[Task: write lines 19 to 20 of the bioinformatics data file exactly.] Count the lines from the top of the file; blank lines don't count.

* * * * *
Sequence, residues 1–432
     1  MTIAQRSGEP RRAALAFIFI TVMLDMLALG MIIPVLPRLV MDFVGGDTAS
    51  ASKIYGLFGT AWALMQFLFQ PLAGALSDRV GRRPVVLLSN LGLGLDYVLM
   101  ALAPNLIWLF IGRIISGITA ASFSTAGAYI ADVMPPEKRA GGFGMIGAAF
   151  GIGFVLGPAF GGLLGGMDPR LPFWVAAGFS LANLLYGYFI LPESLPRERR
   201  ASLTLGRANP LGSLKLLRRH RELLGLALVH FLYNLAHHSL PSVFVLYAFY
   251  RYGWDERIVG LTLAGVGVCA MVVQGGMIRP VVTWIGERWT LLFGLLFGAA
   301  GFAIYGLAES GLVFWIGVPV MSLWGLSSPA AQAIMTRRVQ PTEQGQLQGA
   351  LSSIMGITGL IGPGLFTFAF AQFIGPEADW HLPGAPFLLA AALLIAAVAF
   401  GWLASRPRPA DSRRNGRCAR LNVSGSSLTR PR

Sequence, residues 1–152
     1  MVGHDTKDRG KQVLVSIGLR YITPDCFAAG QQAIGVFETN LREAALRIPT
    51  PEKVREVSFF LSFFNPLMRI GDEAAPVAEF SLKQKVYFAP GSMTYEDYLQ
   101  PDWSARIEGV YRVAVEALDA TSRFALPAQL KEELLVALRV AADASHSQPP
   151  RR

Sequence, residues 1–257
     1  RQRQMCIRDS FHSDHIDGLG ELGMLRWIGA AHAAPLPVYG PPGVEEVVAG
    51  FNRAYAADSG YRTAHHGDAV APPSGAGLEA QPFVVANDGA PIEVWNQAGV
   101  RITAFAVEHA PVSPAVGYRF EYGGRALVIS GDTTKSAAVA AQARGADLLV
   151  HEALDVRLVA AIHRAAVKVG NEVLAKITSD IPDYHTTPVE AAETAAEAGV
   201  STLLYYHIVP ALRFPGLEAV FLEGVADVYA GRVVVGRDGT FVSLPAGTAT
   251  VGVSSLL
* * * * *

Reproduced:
   101  RITAFAVEHA PVSPAVGYRF EYGGRALVIS GDTTKSAAVA AQARGADLLV
   151  HEALDVRLVA AIHRAAVKVG NEVLAKITSD IPDYHTTPVE AAETAAEAGV